Your Money – InvITs: A long-term investment avenue

In structure, these are similar to mutual funds. But the two differ in terms of how the money is invested and income distributed.

By Piyush Gupta

Securities and Exchange Board of India (Sebi’s) recent move to reduce the minimum subscription threshold and trading lot size in infrastructure investment trusts (InvITs) unlocks a new avenue for retail investors who have a long-term investment horizon.

Sebi has, in its June 29 board meeting, reduced the minimum subscription for investment in InvITs to Rs 10,000-15,000 from Rs 1 lakh earlier and the trading lot size to one unit from 100 units, thus enhancing access to retail investors. The move also paves way to enhanced liquidity of the instruments and better price discovery in the secondary market.

Know InvITs from mutual funds
InvITs are capital market products that own, operate, and invest in completed as well as under-construction infrastructure projects such as roads and highways, power distribution networks, telecom towers, and fiber optic networks.

In structure, these are similar to mutual funds. But the two differ in terms of how the money is invested and income distributed. At least 80% of the monies with InvITs have to be invested in infrastructure assets that are completed and revenue-generating. Further, 90% of the net distributable cash flow in InvITs has to be mandatorily distributed to unitholders at least once in six months.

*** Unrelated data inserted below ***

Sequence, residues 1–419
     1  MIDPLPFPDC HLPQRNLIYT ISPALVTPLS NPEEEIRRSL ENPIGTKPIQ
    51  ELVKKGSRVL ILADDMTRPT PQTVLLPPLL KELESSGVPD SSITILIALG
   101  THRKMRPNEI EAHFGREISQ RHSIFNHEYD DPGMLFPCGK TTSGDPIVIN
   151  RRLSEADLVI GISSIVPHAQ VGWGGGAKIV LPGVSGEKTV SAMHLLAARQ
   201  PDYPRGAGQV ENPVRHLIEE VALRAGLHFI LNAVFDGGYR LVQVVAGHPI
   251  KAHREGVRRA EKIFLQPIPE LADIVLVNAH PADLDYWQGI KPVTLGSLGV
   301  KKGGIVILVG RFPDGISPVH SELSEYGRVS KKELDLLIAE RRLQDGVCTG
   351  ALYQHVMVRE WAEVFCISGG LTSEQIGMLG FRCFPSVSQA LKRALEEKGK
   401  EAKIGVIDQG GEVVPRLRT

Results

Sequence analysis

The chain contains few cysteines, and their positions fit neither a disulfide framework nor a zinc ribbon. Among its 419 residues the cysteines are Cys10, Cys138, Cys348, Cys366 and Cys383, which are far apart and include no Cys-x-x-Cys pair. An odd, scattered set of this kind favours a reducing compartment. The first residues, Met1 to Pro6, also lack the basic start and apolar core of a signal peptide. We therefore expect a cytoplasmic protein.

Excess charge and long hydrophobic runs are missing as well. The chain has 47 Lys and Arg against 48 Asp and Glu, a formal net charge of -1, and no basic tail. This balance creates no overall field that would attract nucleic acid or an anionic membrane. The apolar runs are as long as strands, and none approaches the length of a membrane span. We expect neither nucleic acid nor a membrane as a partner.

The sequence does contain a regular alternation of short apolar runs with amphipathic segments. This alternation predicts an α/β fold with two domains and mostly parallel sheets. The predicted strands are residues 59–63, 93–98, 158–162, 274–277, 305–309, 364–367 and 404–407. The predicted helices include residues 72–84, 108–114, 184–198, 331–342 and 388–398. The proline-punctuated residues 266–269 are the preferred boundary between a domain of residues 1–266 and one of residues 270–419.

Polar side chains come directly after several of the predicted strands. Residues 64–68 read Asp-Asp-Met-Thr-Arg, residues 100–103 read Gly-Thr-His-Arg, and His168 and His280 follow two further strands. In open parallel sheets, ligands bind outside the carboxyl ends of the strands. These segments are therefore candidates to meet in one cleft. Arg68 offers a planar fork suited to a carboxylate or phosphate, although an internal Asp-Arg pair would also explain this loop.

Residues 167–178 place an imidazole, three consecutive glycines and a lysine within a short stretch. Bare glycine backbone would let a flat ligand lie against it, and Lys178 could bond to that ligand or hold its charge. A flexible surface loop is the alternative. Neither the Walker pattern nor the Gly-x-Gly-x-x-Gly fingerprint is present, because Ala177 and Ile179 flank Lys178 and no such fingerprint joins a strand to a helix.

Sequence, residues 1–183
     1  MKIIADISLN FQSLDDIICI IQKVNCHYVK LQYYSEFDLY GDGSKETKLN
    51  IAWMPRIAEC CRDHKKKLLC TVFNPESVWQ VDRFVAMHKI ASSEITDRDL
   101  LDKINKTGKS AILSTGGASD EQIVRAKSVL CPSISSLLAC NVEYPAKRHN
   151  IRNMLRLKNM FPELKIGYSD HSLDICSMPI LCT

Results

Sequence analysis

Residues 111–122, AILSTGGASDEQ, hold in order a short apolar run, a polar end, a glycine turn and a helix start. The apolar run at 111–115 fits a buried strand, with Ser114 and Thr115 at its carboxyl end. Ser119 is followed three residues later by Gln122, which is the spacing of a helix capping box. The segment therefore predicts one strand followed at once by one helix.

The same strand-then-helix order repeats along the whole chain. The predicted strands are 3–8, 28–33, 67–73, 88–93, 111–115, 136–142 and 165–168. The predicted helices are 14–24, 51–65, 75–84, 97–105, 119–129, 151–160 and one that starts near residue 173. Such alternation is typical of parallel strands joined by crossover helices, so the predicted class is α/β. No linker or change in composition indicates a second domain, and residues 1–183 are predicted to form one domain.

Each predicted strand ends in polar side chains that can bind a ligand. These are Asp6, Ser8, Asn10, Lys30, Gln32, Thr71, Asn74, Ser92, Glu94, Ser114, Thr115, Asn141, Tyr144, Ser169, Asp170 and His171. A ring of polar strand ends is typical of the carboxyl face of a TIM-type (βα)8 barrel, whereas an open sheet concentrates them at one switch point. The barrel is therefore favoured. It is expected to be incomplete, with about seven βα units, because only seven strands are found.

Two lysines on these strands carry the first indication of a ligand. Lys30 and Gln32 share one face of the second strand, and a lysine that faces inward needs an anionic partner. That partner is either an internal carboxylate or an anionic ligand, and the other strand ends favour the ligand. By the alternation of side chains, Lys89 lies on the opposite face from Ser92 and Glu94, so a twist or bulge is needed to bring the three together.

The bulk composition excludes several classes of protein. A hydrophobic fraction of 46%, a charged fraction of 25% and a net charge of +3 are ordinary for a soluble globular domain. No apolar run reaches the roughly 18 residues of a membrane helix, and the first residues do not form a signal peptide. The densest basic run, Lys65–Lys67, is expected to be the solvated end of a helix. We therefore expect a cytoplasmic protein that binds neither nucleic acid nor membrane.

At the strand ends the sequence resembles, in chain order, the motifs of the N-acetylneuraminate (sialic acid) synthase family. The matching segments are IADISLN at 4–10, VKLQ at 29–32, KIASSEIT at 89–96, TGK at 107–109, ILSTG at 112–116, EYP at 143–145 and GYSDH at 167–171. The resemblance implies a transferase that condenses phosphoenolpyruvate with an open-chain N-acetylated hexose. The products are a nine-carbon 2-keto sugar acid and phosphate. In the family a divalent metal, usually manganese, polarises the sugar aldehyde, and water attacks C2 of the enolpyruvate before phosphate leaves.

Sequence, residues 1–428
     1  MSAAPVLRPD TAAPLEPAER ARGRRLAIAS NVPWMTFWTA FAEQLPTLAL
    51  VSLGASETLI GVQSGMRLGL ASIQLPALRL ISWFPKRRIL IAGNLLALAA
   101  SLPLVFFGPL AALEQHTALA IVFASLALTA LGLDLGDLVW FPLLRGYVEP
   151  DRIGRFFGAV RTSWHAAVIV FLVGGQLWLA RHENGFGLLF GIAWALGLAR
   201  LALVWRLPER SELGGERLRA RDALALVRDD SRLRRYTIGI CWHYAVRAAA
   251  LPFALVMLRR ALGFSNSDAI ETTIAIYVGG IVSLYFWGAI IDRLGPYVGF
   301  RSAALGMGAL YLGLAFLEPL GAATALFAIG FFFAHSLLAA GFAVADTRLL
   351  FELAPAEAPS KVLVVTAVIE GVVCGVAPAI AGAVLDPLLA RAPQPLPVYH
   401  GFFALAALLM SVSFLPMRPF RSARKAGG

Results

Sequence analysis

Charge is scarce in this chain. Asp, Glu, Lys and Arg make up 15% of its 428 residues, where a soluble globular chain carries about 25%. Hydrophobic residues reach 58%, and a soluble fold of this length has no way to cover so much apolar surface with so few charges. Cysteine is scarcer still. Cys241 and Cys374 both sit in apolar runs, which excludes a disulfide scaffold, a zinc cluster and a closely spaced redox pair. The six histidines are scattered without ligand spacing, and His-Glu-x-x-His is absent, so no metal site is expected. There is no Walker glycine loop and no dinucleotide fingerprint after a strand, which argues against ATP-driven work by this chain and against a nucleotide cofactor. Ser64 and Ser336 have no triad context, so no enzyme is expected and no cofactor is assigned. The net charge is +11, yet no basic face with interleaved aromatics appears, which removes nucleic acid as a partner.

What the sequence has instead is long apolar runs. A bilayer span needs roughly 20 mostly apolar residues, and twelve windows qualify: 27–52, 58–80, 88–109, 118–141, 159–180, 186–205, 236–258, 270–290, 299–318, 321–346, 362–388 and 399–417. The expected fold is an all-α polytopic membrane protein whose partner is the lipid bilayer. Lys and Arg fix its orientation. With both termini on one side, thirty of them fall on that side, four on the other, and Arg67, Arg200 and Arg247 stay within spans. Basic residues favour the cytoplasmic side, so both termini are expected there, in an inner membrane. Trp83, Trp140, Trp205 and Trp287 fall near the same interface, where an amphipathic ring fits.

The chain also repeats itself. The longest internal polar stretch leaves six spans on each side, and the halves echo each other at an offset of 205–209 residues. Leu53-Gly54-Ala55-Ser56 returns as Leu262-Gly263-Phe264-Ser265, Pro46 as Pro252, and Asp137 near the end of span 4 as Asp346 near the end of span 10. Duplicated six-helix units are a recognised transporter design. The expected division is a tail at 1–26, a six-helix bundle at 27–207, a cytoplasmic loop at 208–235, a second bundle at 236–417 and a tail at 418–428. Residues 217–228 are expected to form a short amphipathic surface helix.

Interest or dividends received from InvITs is taxed as per the individual’s income tax slab, while capital gains are based on the holding period. For a holding period of less than three years, short-term capital gains tax of 15% is applied on the profits, while for over three years, long-term capital gains of 10% is applied on appreciation of more than Rs 1 lakh.

A long-term diversification opportunity
InvITs present investors with an able long-term investment avenue in an alternative asset class such as infrastructure. The requirement of InvITs to allocate 80% of portfolio in revenue-generating assets, along with distribution of minimum 90% of profits to investors, provides comfort of regular income to its investors in addition to capital gains on account of change in price of units traded on the exchange.

Three things to watch out for
One, distribution of income from InvITs, which is subject to earnings from the underlying infrastructure assets held in the portfolio and the type/nature of these assets. Two, liquidity of listed InvITs is subject to their trading on stock exchanges. Third, investors need to consider the profile and track record of the Sponsor(s) and Investment Managers of the InvITs. The Sebi’s move to ease access to InvITs could emerge as a win-win for the infrastructure sector and investors. The product feature to provide regular income could come in handy for investors planning their retirement portfolio.

That said, better awareness of these products and their depth in the capital market, as well as stable regulations, are essential to the success of InvITs.

The writer is director, Funds and Fixed-Income, CRISIL Research

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